Since abandoning the genre for contemporary during high school, I haven’t been much of a fantasy reader. It was hard to find someone like me in the pages of fantasy novels then, and I couldn’t pronounce half the names, so what was the point? But YA fantasy and sci-fi has truly taken off in recent years, becoming far more diverse. And these five novels? Well, they might just get you out of a fantasy reading slump—they certainly did for me.
Otherbound, by Corinne Duyvis
Corinne Duyvis’s debut remains one of the most unique fantasy books I’ve read. Amara and Nolan live in two separate worlds—Nolan in ours, Amara in a far-off fantasy realm—but every time Nolan closes his eyes, he slips into Amara’s body. Amara is bound to protect Princess Cilla, absorbing the curse that could kill her any time Cilla spills a drop of blood. At first she’s unaware of Nolan observing her life through her body—and he’s unaware she’s even real. But as their connection grows, they realize he may be key to saving Amara’s world—and possibly Nolan’s as well. Amara has a relationship with the male slave she works beside, she also loves the princess she’s bound to serve.
Labyrinth Lost, by Zoraida Córdova
Bruja Alex just wants to be normal, to rid herself of the great power the rest of her magical family expects her to come into and embrace. During her Deathday celebration, when she’s supposed to receive her ancestors’ blessings, Alex instead attempts to perform a spell to rid herself of her power—but that spell goes awry, sending her family into the deadly magical realm of Los Lagos. The only way she can save them is by teaming up with Nova, a brujo who claims he can help her—and with Rishi, her best girl friend who might be more, who follows Alex straight into bruja hell. It’s a beautiful, richly imagined fantasy world that’s pretty impossible to look away from.
A Darkly Beating Heart, by Lindsay Smith
Oh man, was this book one of my favorites of 2016. If you like angry, troubled girls (yes!), richly written culture (yes!), and time-travel (yes!), pick it up immediately. Reiko is consumed by vengeance and hatred after a bad breakup with her girlfriend, determined to get revenge on those who wronged her. Her bewildered parents send her to Japan to live with family, where she wanders off and is transported back to feudal Japan. There she experiences life through the eyes of Miyu, a girl as angry as Reiko. Miyu is also bent on revenge against her enemies, and her hatred fuels Reiko’s. But as Reiko gets pulled further and further into Miyu’s world, she has to decide whether vengeance is path she really wants to follow.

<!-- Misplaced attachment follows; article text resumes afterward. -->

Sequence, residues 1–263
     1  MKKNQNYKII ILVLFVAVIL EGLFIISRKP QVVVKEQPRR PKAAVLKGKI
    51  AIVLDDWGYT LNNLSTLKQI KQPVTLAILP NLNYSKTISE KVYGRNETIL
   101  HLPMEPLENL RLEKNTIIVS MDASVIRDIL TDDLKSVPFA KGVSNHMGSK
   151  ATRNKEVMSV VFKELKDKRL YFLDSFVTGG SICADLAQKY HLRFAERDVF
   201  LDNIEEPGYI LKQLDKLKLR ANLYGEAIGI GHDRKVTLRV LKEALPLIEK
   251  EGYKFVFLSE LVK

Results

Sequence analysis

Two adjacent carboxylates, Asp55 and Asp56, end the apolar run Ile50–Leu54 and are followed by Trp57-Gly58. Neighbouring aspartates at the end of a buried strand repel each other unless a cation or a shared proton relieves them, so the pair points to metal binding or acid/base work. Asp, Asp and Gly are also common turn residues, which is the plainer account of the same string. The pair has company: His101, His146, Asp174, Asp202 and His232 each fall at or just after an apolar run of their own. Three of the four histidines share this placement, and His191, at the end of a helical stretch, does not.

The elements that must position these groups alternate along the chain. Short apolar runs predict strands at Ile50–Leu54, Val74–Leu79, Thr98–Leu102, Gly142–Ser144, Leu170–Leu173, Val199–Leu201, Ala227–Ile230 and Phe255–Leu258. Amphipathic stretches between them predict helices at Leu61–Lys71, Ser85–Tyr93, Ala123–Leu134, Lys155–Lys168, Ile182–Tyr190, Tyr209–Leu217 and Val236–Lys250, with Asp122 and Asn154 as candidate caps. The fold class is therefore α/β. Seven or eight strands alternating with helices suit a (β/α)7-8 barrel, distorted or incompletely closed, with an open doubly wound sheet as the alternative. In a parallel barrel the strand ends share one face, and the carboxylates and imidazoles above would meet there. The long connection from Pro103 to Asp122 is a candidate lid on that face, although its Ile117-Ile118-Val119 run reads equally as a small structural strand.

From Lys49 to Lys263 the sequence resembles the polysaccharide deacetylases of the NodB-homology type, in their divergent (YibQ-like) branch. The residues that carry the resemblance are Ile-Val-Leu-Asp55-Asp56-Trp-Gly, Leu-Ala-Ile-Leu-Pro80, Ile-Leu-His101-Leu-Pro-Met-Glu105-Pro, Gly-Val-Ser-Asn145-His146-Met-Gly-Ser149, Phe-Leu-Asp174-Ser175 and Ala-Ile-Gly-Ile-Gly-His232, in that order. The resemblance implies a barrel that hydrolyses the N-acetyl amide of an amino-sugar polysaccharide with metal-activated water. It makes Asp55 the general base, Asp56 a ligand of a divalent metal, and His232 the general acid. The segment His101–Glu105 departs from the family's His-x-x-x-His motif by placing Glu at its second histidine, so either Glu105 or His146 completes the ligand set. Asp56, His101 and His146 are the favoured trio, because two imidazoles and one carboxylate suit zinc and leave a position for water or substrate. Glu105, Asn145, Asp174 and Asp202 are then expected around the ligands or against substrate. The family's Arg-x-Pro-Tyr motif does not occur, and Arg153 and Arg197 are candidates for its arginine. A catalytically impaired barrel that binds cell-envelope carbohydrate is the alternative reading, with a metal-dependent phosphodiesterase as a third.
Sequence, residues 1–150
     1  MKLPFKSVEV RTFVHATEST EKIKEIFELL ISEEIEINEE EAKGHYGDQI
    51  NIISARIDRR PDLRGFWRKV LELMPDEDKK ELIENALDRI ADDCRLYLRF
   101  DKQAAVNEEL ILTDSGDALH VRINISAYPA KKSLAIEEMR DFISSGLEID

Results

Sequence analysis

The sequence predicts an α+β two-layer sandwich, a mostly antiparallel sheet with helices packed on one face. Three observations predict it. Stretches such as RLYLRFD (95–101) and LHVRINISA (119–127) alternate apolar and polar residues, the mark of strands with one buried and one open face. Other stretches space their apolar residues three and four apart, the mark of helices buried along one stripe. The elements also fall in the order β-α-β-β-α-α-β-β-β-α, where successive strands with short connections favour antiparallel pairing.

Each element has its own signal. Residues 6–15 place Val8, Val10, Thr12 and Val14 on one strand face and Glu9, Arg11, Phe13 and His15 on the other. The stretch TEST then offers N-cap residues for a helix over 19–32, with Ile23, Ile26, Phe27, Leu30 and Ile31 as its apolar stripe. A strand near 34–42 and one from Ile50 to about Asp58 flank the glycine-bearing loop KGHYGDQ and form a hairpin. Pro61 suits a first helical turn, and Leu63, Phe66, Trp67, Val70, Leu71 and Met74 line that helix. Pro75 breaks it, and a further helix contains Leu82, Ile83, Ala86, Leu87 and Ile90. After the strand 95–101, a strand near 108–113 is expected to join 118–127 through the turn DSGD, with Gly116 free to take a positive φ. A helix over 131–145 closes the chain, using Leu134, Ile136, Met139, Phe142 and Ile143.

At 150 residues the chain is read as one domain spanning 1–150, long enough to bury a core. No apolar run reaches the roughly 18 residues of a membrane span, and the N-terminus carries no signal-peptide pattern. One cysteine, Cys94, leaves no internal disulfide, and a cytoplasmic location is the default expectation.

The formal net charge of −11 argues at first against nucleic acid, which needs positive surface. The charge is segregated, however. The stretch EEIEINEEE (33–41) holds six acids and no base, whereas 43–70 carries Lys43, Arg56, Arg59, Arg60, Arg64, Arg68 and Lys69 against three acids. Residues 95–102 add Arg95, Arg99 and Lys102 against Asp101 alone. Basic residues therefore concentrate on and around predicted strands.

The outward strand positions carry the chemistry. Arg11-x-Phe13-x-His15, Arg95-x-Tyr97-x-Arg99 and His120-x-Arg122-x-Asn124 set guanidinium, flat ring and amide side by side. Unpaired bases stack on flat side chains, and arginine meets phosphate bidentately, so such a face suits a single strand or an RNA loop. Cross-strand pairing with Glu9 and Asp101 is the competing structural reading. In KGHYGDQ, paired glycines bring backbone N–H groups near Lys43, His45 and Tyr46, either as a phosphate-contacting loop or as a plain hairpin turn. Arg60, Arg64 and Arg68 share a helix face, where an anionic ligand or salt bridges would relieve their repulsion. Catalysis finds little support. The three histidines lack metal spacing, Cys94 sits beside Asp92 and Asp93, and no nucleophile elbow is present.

The Scorpion Rules, by Erin Bow
Bow’s book is an immensely wonderful sci-fi read, particularly if you ever have nightmares about technology ruling our lives. Greta is a child of the leaders of the Pan Polar Confederacy, held hostage alongside other world leaders’ children by an all-powerful AI known as Talis, as a means of keeping the peace. Greta has always known her place—she’ll survive unless her family decides to start a war, at which point her life will be forfeit. Greta accepts this fate with dignity, and always has—until Elián arrives and shakes up her worldview. Elián has no plans to become a willing hostage, and his resistance opens Greta’s eyes to the fact that she doesn’t have to live like this. But when Elián’s country declares war on Greta’s, they both have to figure out an escape or die in the process. Though Greta feels a kinship with Elián, it’s her roommate, the Princess Xie, with whom she shares a powerful romantic bond.
Proxy, by Alex London
In order to pay off his debts, tech genius and gay teen Syd becomes a Proxy, absorbing the punishments for his Patron Knox’s crimes. Knox is wealthy and privileged and only cares about causing trouble to anger his father. Syd bears the brunt of this, suffering from electroshock every time Knox misbehaves. But that becomes too much to bear when Knox is involved in a car accident that kills a girl, and Syd is sentenced to years of hard labor. Realizing he’ll have to escape in order to avoid this brutal punishment, Syd does so—and along the way runs into Knox, who realizes he may owe Syd for more than taking his blows for him.